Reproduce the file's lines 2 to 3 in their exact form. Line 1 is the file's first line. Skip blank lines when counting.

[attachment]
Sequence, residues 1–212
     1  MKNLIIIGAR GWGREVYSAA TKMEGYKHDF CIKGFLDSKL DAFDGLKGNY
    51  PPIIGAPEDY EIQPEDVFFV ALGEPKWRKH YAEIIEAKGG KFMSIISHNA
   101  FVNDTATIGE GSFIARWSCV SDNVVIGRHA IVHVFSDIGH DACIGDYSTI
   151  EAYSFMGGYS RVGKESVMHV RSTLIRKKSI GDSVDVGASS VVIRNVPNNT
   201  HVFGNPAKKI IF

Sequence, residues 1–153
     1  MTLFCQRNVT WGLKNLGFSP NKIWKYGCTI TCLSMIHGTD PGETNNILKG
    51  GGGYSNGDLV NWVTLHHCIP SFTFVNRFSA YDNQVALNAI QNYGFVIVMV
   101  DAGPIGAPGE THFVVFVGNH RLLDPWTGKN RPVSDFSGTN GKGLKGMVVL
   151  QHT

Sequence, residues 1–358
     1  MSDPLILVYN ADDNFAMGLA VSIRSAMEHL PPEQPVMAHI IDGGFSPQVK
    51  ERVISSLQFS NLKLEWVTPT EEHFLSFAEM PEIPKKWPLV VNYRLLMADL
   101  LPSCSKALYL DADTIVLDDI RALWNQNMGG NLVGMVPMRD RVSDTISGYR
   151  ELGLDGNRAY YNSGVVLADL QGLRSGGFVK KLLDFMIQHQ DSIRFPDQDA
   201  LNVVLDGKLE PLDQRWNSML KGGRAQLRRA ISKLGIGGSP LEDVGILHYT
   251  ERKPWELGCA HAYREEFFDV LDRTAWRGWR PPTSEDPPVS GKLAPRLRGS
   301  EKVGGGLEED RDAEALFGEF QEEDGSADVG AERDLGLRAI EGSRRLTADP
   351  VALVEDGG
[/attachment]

     1  MKNLIIIGAR GWGREVYSAA TKMEGYKHDF CIKGFLDSKL DAFDGLKGNY
    51  PPIIGAPEDY EIQPEDVFFV ALGEPKWRKH YAEIIEAKGG KFMSIISHNA